For example, instead of just telling myself that I’d do the three elements of my morning routine for an hour, I defined exactly how much time I would do each: reading for 30 minutes, exercising for 20 minutes, and meditating for 10 minutes.
I also set a timer when I began each portion and didn’t stop until my phone’s alarm went off. This may seem like a minor point, but brains work hard to shave off any unnecessary effort. Setting up external markers (like timers) helped keep my brain honest and kept the goal crystal clear.
Set your goal specifically. Take some time to define it in terms of measurable value like time, distance, repetitions, and other units.
Once you’ve decided on measurable values, make a plan for actually measuring them, and implement that measuring as part of your habit routine.
2. Shore up habits with if/then plans
Another key was creating if/then plans to help strengthen my resolve in the critical moments.
Since my new habit centered around my morning routine, a related problem was my nighttime routine. Before I started my habit, I was going to bed an hour later than I wanted. Why? Because in my half-depleted late-night brain fog, I was often too tired to muster the ten minutes of effort to brush, floss, and throw on my PJs. Instead, zombie-like, my brain would often choose an easier option — like dawdling, or a social media binge.
The solution? If/then plans.
Psychologist Peter Gollwitzer has discovered that a surprisingly simple if/then plan can automate behavior — so in the tough moment, it’s easier to make a better decision. With an if/then plan, you effectively “pre-decide” what you’ll do before the moment arrives. If______, then_______.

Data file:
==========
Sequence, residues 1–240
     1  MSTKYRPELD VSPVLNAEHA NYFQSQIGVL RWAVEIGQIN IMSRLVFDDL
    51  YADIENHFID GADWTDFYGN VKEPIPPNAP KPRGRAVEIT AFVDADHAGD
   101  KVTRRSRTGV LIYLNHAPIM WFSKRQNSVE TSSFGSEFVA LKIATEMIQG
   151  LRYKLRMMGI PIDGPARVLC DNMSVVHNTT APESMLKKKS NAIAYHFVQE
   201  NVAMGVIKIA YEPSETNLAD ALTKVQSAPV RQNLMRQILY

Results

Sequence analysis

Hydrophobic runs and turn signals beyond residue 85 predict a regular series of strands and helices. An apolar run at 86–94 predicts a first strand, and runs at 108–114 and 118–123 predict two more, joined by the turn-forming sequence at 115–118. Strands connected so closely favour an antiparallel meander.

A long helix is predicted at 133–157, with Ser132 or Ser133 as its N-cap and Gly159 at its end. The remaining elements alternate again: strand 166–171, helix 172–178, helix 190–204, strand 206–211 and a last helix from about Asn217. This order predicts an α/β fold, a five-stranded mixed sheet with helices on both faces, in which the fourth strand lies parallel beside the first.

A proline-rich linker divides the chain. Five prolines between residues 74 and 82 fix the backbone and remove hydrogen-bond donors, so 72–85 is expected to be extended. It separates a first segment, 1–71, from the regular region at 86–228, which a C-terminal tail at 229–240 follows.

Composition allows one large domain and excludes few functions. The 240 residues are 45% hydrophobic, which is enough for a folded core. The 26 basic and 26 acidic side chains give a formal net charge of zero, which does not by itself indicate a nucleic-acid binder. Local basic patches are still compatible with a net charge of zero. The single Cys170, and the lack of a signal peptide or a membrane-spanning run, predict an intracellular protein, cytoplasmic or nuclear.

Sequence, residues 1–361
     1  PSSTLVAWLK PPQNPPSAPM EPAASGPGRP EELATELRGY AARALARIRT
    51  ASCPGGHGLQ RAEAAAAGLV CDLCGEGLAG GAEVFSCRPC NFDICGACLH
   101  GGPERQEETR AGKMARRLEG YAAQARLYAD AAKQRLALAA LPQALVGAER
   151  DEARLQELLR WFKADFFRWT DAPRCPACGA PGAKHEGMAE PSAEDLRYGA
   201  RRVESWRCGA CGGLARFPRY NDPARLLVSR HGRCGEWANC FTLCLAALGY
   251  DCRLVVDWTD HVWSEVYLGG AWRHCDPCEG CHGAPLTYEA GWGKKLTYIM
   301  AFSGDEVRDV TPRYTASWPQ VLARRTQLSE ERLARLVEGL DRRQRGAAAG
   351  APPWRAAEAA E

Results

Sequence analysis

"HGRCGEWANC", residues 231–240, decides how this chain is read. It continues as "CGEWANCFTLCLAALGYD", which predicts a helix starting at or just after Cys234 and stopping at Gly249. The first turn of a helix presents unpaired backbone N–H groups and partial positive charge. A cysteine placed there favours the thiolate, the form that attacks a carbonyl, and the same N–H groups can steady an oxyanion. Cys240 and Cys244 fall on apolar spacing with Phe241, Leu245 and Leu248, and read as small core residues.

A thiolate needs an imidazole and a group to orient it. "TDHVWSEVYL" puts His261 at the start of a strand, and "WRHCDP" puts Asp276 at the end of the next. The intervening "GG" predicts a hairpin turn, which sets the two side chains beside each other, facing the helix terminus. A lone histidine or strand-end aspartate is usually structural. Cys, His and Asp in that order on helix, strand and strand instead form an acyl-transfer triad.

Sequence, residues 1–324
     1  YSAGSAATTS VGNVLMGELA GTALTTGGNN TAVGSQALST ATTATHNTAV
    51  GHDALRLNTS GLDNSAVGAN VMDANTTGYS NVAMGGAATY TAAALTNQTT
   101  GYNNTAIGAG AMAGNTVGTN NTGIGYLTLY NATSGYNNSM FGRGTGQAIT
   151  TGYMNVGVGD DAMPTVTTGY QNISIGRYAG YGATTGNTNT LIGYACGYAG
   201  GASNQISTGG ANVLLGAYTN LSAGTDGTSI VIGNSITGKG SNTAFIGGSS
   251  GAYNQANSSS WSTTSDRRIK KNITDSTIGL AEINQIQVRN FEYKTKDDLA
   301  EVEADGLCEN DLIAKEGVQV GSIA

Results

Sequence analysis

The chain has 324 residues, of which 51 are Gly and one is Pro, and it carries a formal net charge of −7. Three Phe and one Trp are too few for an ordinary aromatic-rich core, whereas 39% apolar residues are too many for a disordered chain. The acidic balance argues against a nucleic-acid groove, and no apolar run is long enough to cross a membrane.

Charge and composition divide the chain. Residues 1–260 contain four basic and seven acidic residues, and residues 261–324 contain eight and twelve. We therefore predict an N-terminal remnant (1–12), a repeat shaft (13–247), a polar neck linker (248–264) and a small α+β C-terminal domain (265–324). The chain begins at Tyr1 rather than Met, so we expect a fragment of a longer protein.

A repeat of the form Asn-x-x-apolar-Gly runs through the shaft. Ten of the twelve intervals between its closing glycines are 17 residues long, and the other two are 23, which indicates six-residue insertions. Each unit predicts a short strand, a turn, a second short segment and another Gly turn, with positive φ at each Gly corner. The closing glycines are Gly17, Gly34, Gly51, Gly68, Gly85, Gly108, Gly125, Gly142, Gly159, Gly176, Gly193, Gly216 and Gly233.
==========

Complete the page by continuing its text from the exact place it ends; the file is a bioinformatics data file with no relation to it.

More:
What was my if/then plan for getting to bed earlier? If it’s time for my 5-year-old’s bedtime routine, then I will brush/floss/put-on-my-PJs before we start bedtime stories. That way, I’ve taken the nighttime friction out of the equation. Once she’s asleep, no dawdling — I go directly into my own bed and win back that extra hour I was losing before.
Although I didn’t plan it in advance, I could have used an if/then plan to handle the day I almost missed: If I get home after a busy day and realize I haven’t done my REM routine, I will remind myself that my consistency is key to my habit change, and do the routine at any time of the day.
3. Add a“plasticity partner”
Another key for me was adding accountability.
I resisted this one for a long time. I thought I should be able to do it myself. But sure enough — having a friend waiting for my daily text saying I’d done each piece of my morning routine put just enough teeth into the commitment to make it stick.
Why plasticity partner instead of an accountability partner? Because to me, the word accountability just feels heavy. But more importantly, I love the idea that another person is helping me not only stick to my habit, but in doing so, is helping me rewire my brain!
On the Road to Change
Behavior change, for me, came down to doing something hard for 66 days.
Your habit may take a little bit less time or it might take a little bit more. But the key for me has been a willingness to stare down the sagebrush of my new habit, grit my teeth, and do it again and again. As William James — the father of American psychology — once said:
“In the acquisition of a new habit, or the leaving off of an old one, we must take care to launch ourselves with as strong and decided an initiative as possible…Never suffer an exception to occur till the new habit is securely rooted in your life. Each lapse is like the letting fall of a ball of string which one is carefully winding up; a single slip undoes more than a great many turns will wind again.”
The reason behavior change is so hard isn’t because we can’t change. It’s because we’re not skilled at it…yet.
Yes, changing your habits is hard in the beginning — no question. But once your neural superhighway is built, you’ve changed the game. What once was painful is now a joyride. What once was difficult is now a breeze. What once was a struggle is now automatic. And there’s no better feeling than to look back at your superhighway and know that it didn’t get there by accident. It was built by design.